How to instance animated skeletal actors ?

I have 6 identical characters in my scene (all the same, except animation sequence plays with slight offset for each of those). Is it possible to create 6 instances of that character to reduce overhead ? If so, how would I do that? Thanks!

While on the subject of instancing stuff, can I also create instances for particle systems ?

All this is for Android platform.

The engine will already manage assets so that if you reuse something it will store it once in memory. If you want to batch assets to reduce draw calls then that’s not an option in UE4.

Oh :frowning:

Doesn’t UE4 instance geometry at all? Kinda odd considering other engine do that to reduce number of drawcalls to minimum for identical geometry :confused:

You can using Blueprints. You don’t want something that just does it automatically because you’d want the choice whether you want to save memory or save draw calls

So, instancing animated skeletal actors (along with static actors) is possible with BP ?

If so, where can I find a tutorial about the subject ?

Not sure why would you not save memory with instancing :confused:

I don’t think you can instance skeletal meshes at all, I know you can do it with static meshes definitely.

Instancing in UE4 refers to combining meshes that use the same material so that it reduces draw calls. In Unity it’s called batching. Otherwise, you can save memory since if you use an object more than once it will keep only one in memory. Usually engines can handle high poly counts pretty well so in many cases it’s better to reduce the number of draw calls than to reduce the amount of memory.

Instancing does not refer to combining. It’s mean Instanced draw call. It’s does not increase memory consumption. It might increase polycount because not all instances are culled separately.

I don’t think that’s true, if you combine them into a single draw call then it can’t store one in memory anymore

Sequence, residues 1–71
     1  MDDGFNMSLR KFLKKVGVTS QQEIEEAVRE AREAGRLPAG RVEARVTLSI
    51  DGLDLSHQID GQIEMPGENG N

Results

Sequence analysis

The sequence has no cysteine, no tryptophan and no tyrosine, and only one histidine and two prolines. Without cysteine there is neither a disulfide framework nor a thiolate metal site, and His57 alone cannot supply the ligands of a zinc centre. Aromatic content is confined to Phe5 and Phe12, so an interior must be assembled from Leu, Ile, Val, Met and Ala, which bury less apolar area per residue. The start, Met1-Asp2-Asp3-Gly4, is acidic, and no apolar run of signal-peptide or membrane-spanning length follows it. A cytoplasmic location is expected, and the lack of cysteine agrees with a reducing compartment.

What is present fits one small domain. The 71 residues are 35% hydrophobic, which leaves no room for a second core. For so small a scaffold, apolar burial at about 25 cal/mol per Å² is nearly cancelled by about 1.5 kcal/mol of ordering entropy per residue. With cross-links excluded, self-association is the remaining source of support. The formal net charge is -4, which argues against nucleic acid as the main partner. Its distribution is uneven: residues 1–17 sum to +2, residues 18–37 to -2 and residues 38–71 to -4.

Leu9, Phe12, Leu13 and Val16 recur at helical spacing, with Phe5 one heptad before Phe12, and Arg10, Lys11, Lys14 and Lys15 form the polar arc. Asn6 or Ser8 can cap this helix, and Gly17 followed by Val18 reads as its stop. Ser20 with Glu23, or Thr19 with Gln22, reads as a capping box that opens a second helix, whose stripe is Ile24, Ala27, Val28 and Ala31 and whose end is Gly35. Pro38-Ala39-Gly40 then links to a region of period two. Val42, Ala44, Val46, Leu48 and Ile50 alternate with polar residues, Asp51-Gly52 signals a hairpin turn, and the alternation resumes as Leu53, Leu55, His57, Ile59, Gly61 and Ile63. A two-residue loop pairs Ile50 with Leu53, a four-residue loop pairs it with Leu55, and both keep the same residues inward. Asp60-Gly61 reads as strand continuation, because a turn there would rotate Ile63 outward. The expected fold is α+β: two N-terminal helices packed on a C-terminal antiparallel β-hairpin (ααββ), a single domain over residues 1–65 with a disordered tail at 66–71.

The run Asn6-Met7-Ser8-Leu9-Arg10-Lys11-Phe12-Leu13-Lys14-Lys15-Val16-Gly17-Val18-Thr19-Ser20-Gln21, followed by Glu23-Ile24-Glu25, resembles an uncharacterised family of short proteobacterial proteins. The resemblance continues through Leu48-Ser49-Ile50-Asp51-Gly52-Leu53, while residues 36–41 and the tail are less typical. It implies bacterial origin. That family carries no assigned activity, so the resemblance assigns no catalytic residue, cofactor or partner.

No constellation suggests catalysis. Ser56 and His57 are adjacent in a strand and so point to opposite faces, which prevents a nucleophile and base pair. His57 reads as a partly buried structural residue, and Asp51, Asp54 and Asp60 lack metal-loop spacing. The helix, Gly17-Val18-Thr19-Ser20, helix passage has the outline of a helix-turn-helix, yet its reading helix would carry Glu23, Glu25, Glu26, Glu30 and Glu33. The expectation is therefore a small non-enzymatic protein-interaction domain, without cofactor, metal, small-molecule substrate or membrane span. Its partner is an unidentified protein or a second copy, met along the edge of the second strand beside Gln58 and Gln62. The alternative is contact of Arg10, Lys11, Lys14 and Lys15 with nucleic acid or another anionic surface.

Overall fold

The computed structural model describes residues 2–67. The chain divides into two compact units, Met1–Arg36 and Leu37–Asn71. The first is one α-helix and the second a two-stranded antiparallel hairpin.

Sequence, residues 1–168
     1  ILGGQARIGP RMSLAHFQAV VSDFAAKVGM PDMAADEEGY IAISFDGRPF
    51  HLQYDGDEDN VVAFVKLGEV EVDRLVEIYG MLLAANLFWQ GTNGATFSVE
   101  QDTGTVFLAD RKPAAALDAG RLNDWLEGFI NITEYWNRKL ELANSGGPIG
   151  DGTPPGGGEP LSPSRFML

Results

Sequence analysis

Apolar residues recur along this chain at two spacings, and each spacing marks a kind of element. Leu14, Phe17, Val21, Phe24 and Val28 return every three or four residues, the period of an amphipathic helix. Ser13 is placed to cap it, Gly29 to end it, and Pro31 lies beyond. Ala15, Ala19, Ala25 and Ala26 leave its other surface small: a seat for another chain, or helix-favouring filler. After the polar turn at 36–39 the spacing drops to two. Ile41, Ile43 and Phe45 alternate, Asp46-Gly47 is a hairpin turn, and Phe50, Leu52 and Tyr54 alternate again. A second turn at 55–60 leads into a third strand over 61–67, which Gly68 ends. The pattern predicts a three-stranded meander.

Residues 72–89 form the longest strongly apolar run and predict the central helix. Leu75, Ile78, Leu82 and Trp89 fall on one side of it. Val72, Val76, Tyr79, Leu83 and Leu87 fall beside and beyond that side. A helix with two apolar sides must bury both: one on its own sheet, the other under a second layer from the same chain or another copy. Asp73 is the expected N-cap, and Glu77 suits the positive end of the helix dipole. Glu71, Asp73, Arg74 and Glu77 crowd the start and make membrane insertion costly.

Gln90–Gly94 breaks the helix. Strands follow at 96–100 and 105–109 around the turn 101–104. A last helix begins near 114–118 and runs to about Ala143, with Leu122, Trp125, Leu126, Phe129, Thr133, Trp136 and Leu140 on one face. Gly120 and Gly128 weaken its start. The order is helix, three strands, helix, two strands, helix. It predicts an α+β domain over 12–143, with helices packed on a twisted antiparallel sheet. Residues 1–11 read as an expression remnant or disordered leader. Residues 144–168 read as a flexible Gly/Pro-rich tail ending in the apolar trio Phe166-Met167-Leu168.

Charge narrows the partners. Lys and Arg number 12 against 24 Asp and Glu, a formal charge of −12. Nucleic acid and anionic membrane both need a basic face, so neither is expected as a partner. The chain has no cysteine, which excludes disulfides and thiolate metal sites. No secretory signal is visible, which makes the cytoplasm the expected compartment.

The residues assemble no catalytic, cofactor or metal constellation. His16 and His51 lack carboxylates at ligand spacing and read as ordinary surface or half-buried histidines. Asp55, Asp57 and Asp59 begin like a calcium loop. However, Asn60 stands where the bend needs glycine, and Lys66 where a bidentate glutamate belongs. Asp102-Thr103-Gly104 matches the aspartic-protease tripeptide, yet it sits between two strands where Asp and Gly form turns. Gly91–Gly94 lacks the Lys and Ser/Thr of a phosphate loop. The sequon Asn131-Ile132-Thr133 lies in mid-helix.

This is how instancing work underhood. You have single mesh and you tell gpu to draw this same mesh multiple times. Each instance use InstanceID at vertex shader to grab it’s own transform matrix. No data duplication happen in anyplace.

Right, that’s how instancing is normally done, I don’t know why they call it instancing here in UE4 when in reality it’s batching. By default if you use an asset more than once it will keep only one in memory, but each of those copies is a draw call so if you want to keep the number of draw calls low then you can use the Instance Static Mesh Blueprint which will batch them together, but that stores them all in memory.

Where in the source code that dublication is happening?

That’s something different, that’s the part of the engine that automatically takes care of static meshes so that it keeps only one in memory if the mesh is reused. If you want to reduce draw calls then you can use the Instanced Static Mesh Blueprint which will combine them together but doesn’t have the advantage of saving memory.

I also believe you are mistaken.

There are four methods afaik:

  1. Placement of the same static mesh multiple times as different actors. Each has a slight memory overhead if they have unique lightmaps, or vertex color. But the geometry is in memory only once. It’s still multiple draw calls, though.

  2. You merge the actors, in which case the memory footprint will increase as you are creating a new and bigger mesh. You will also reduce draw calls to 1.